However, there are risks to adjusting academic requirements, counters D’Angiulli.

He says provincial benchmarks are already set at “the bare minimum.”

“What happens if you say, ‘OK, let’s get rid of this and let’s shift’? It’s lowering further the expectations, and that is really, really very, very, very dangerous,” he says, predicting that could jeopardize our global standing if other countries prove better at maintaining their education goals.

“Inject money into education to avoid catastrophe.”

Education and international development expert Prachi Srivastava would like to see efforts focused on high risk neighbourhoods and schools, but points to structural barriers that make widespread reform difficult.

Education is largely the domain of each province and fails to integrate overlapping issues such as health, labour, childcare and gender equity, says Srivastava, associate professor at the University of Western Ontario.

She describes this as “the largest education emergency” in global history and wonders why there appears to be little evidence of concrete measures to combat it.

“It actually shows how myopic we have been in Canada in terms of understanding, recognizing and incorporating lessons from emergency education,” she says.

When it comes to primary and secondary education, she muses on strategies such as accelerated learning programs, or extending the school year to a 12-month cycle with reorganized breaks.

D’Angiulli also suggests a shorter summer break, one-on-one learning for at-risk students, and help for parents scrambling to assist their children.

Garlen urges policy makers to consult families and students when pursuing fixes, especially those prone to be disproportionately impacted by COVID-19.

The pandemic laid bare longstanding inequities in education that only worsened with the threat of COVID-19 infection, with some families more likely than others to live in crowded housing or have inconsistent internet access. Many didn’t have devices required for online learning, childcare or the ability of parents to work from home.

“Maybe could we not put all of the focus on just information and the consumption of content (but) focus on socialization and well-being and connections and relationships. Because I think that that is where students have suffered the most,” says Garlen.

“They can learn long division next year but if they don’t have support in recovering from the challenges that they face during this time that could be something that will follow them their whole lives.”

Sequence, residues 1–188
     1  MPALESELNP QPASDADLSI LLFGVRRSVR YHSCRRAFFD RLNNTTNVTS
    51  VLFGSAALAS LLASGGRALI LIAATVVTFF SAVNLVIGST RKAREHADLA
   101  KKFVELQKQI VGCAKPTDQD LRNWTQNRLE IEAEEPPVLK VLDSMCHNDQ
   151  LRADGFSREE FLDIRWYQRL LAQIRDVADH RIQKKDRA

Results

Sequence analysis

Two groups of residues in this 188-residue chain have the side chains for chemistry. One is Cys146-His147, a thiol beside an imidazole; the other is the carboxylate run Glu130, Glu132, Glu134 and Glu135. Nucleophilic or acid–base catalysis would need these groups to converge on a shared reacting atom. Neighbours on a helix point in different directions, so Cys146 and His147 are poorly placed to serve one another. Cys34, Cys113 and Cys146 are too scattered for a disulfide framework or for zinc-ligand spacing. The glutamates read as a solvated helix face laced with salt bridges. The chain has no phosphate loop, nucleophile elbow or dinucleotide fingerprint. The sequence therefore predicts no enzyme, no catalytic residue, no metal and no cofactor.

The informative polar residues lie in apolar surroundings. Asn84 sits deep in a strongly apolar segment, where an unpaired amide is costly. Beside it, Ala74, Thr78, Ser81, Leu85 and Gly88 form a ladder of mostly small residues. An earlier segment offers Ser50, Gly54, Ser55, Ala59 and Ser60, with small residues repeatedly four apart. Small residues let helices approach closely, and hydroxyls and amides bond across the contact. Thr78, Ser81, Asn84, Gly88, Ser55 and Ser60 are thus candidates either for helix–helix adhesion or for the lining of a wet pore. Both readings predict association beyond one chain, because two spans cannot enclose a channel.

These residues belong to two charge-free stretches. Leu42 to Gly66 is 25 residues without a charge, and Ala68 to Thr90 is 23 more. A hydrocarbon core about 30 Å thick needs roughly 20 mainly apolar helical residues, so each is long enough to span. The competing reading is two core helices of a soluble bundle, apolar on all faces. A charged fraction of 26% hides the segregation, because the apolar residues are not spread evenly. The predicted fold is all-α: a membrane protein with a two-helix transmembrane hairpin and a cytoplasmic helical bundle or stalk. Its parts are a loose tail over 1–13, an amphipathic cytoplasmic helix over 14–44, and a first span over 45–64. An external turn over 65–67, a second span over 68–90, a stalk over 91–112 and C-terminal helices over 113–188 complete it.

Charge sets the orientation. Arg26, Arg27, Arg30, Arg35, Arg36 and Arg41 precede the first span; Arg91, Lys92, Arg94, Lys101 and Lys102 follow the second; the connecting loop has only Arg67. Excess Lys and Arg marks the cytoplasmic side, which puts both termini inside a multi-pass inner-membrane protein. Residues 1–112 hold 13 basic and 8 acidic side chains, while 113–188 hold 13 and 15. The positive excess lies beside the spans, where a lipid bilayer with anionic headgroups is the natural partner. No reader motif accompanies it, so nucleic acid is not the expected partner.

Cassandra Szklarski, The Canadian Press

Like us on Facebook and follow us on Twitter.

Want to support local journalism? Make a donation here.

Get local stories you won't find anywhere else right to your inbox.
Sign up here

Just Posted

Alberta completed 18,412 COVID-19 tests, as reported on Wednesday, for a test positivity rate of 9.5 per cent. (NIAID-RML via AP)
Highest daily count of 2021 so far: Alberta reports 1,699 COVID-19 cases

Variants now make up 59 per cent of Alberta’s active cases

Screen grab/ https://www.alberta.ca/stats/covid-19-alberta-statistics.htm#geospatial
COVID-19 cases continue to grow in the Wetaskiwin area

The City of Wetaskiwin currently has 141 active cases.

Alberta’s chief medical officer of health Dr. Deena Hinshaw and Premier Jason Kenney say the province would look at adding additional COVID-19 measures in the coming weeks if the virus continues to spread. (Photo by Government of Alberta)
Walk-in COVID-19 vaccination clinic to open in Red Deer

Alberta adds 1,345 new cases of the virus

Boston Pizza is one of the Wetaskiwin restaurants currently setting up a patio for in-person dining. Shaela Dansereau/ Pipestone Flyer.
City of Wetaskiwin to wave permit fees for temporary patio applications

City of Wetaskiwin Council unanimously carried a motion at the regular April… Continue reading

Kevin Buffalo in his traditional chicken dance regalia. (Photo submitted)
3rd Inaugural Grouse Symposium goes online

Virtual symposium will be held April 24

A lone traveler enters the Calgary Airport in Calgary, Alta., Monday, Feb. 22, 2021. THE CANADIAN PRESS/Jeff McIntosh
VIDEO: Trudeau defends Canada’s travel restrictions as effective but open to doing more

Trudeau said quarantine hotels for international air travellers will continue until at least May 21

President Joe Biden holds a virtual bilateral meeting with Canadian Prime Minister Justin Trudeau. (AP Photo/Evan Vucci)
U.S. to help Canada with more COVID-19 vaccine supply, Biden says

The U.S. has already provided Canada with about 1.5 million doses of the AstraZeneca vaccine

In this image from video, former Minneapolis police Officer Derek Chauvin, center, is taken into custody as his attorney, Eric Nelson, left, looks on, after the verdicts were read at Chauvin’s trial for the 2020 death of George Floyd, Tuesday, April 20, 2021, at the Hennepin County Courthouse in Minneapolis, Minn. THE CANADIAN PRESS/Court TV via AP, Pool
George Floyd’s death was ‘wake-up call’ about systemic racism: Trudeau

Derek Chauvin was found guilty Tuesday on all three charges against him

sign
Alberta Biobord Corp. recently hosted a virtual open house from Stettler

The company plans to develop a fuel pellet and medium density fibre board (MDF) plant near the community

Ryan Applegarth. (RCMP photo)
Preliminary hearing date set for Applegarth

Ryan Jake Applegarth appeared briefly before the Ponoka Provincial Court over CCTV… Continue reading

The Rogers logo is photographed in Toronto on Monday, September 30, 2019. THE CANADIAN PRESS/Tijana Martin
Rogers investigating after wireless customers complain of widespread outage

According to Down Detector, problems are being reported in most major Canadian cities

People are shown at a COVID-19 vaccination site in Montreal, Sunday, April 18, 2021, as the COVID-19 pandemic continues in Canada and around the world. THE CANADIAN PRESS/Graham Hughes
Nothing stopping provinces from offering AstraZeneca vaccine to all adults: Hajdu

Health Canada has licensed the AstraZeneca shot for use in people over the age of 18

Most Read